"What's the matter old fellow? I didn't scare you did I?" He laughed again.


The priest shivered as his fear drained away and he laughed hesitantly. Then his eyes fixed on the bundle and he grew as still as if Kevin had thrown an adder onto the ground.

"Is... Is that...?"

"What?" Kevin looked dumbly about, then followed the other's gaze. "What, this?" He toed the massive pack. "Well yes, of course it's her!", he replied to the question in the priest's eyes "What else-"

And with total irreverence, he tugged from the pack a hand, attached to an arm, and then to a shoulder and then a body. The body of a witch.

A small, sharp noise escaped the priest.

"What's wrong, Bennet?" demand Drakelock "This is what you wanted, what you hired me for."

"Not that- no- not- not the body!" stammered the priest in obvious horror "Why bring that? I gave you strict instructions... You cannot finish a one like this by any common means!"

"What are you talking about?" Drakelock was harsh. "Pay me."

"Yes, of course, I'll pay, but fire! I told you- you must use fire! Else, she being a witch, she may rise again and seek vengeance!"

"Father, you're a fool." stated Drakelock "A corpse, is a corpse, is a corpse. Are these my coins that you've hurled all about?"

"Yes, but first, quickly, you must help me- please- there is fire here. It is large. Help me get her into it! Haste!"

Kevin regarded the man a moment, his tolerance thinning. He had hauled the limp body partially erect when he had freed her from the bag. With an extra heave, he brought it to a nearly erect position. He shoved it rudely towards the priest.

"Do it yourself!" Kevin smiled broadly as the priest caught the corpse, as if in an embrace, squealing with disgust and fear. Kevin turned and bent for the coins.

"Drakelock, Drakelock" moaned the priest "Oh please Drakelock, help me do this!" With great difficulty and superstitious dread, the priest dragged the body towards the flames. An awkward effort, a heave, and the thing tumbled more or less into the center of the bonfire.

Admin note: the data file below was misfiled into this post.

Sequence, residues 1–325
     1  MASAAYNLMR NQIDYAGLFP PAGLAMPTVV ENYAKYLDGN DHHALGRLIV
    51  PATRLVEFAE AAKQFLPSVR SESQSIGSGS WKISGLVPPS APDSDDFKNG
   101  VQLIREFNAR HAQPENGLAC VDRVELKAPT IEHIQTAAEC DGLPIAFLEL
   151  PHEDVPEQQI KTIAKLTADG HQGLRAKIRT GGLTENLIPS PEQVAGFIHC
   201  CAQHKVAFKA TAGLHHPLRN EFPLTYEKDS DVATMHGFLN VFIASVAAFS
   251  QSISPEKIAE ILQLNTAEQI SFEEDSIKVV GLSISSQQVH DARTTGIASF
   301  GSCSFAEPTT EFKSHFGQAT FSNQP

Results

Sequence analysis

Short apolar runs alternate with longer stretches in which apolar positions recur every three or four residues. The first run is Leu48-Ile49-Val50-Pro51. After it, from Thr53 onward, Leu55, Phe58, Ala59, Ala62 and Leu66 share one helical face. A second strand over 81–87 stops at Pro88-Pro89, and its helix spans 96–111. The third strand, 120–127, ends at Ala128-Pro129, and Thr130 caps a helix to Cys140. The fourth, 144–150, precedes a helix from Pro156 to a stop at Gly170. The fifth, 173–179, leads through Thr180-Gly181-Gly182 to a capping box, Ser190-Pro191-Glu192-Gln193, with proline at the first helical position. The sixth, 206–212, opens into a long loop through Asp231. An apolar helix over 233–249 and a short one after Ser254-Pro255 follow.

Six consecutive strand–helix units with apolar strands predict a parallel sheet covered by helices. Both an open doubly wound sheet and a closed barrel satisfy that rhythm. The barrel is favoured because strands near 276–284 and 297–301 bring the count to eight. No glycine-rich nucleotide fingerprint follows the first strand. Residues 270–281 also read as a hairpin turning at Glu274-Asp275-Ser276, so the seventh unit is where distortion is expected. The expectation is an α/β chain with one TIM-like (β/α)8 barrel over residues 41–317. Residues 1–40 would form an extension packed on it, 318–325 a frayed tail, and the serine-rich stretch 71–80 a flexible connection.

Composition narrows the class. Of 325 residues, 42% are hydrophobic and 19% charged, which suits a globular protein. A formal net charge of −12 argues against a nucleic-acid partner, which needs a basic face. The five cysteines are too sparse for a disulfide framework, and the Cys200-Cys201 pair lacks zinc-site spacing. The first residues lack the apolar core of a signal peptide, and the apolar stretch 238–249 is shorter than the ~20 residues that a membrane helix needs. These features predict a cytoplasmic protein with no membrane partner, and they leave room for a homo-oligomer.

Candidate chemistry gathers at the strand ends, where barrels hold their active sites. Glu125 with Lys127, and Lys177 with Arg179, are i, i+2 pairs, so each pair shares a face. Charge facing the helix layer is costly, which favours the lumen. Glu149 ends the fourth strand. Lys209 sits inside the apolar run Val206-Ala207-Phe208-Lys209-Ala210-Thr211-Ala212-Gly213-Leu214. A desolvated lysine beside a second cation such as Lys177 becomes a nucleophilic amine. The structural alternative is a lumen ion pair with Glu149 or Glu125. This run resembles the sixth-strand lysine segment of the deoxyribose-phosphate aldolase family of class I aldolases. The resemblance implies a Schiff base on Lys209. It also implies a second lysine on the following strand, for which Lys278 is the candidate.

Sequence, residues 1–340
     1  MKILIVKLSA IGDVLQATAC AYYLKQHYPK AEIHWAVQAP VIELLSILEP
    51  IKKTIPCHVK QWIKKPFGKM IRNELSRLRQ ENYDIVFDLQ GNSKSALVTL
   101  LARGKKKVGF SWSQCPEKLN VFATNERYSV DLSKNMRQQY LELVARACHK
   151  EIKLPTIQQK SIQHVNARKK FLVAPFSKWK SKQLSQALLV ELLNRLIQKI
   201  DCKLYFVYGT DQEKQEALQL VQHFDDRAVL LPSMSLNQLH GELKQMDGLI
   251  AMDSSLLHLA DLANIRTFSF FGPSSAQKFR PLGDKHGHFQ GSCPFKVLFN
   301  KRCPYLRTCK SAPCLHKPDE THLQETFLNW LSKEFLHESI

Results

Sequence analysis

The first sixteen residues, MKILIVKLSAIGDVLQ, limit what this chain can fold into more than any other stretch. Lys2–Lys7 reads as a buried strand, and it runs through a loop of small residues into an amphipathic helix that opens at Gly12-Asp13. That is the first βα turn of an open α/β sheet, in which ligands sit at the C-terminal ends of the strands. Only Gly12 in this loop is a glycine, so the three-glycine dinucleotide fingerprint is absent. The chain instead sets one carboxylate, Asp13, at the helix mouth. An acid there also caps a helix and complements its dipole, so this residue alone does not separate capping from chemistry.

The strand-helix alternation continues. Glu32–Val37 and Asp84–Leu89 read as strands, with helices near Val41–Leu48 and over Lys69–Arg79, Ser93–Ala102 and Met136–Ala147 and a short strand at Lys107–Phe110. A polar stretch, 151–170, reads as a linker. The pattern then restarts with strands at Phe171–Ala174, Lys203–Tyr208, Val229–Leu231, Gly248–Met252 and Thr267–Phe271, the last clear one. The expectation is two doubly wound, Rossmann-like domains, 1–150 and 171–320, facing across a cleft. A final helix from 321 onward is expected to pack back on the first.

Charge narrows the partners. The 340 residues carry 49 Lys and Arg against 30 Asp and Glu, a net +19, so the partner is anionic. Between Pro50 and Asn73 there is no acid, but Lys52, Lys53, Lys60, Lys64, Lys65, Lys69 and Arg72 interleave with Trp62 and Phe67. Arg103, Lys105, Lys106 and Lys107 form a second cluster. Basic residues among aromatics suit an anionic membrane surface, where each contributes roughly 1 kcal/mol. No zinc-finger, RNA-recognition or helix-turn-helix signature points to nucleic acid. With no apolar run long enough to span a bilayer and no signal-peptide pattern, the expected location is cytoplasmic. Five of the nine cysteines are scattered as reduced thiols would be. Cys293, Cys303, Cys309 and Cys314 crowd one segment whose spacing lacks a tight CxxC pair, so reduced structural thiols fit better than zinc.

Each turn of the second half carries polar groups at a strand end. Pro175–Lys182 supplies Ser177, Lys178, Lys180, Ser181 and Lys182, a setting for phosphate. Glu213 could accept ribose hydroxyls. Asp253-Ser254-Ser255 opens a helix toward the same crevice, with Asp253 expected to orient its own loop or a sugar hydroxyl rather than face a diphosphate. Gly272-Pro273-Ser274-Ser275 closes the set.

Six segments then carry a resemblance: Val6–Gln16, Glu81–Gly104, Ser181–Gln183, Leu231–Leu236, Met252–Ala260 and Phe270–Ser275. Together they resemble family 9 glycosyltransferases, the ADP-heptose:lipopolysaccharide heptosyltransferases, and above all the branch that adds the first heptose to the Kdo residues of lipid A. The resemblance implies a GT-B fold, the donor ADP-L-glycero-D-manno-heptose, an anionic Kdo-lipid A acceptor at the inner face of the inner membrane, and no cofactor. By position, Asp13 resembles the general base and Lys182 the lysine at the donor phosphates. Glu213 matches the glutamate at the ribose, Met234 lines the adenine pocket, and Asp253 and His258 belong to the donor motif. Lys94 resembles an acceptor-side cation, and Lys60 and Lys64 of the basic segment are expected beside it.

"Tch tch tch" growled Drakelock, taking in a lung of ash, precipitated by the corpse's fall. "Tell me Bennet- Just what exactly do you think you are accomplishing there? Burning her like that, I mean?"

The priest sat, his eyes fixed on the fire and the fuel.

"Well--"He spoke slowly, not turning his head, "The fire is a cleansing element. It will destroy that which is guilty, consume that which is evil. But it is also a testing element."

"Right. Meaning that if she were innocent, the flames would not harm her, I suppose?" The killer had his coins now and came to sit beside the priest.

"And what if you and I are the guilty ones?"

And just as he said this the fire exploded; wood and ash, sparks and flames flew in every direction. It flung the two men to the ground. And the witch they saw as a strong woman's silhouette, standing unburned in the flames, with long hair blowing, as she mastered the wind, and they heard the sound of a hundred wolves answering her as she called.

******
I wrote this thing about 12 Halloweens ago, when I was a missionary in Nevada. It was a small way for me to celebrate the holiday far away from home... Anyhow, for what it's worth, there it is. My small scary story offering for Halloween 2008.

5 comments:

The Marinator said...

John, what a great story! Why don't you submit something to be published?

timpani76 said...

Ha! Mary, I told John this forever ago when he sent me this story. He's a writer, he just won't admit it ;)

Anonymous said...

Ha!

I am suprized that you remember that Timpani. BTW thanks for the compliments- purrr!

J

The Marinator said...

I never think of the details when I write somehing - like a branch smacking someone in th face, or the wind blowing right in the middle of my narrative. See? Those are story-tellers details.

Eyepoke said...

You know, I think my difficulty may be the opposite. I find myself coming upi with details easy enough, but I never can seem to find a plot to wrap them all around!

I actually really like the idea of writing stories... But it is alot of work. I know because I actuallt started a newer story here recently, hoping to have it done in time for Halloween... NOT even close as it turned out... Time consuming! I dont know how people who write books do it. This other thing is about 12 hand written pages and seems like it took forever. ANyhow. Late for work!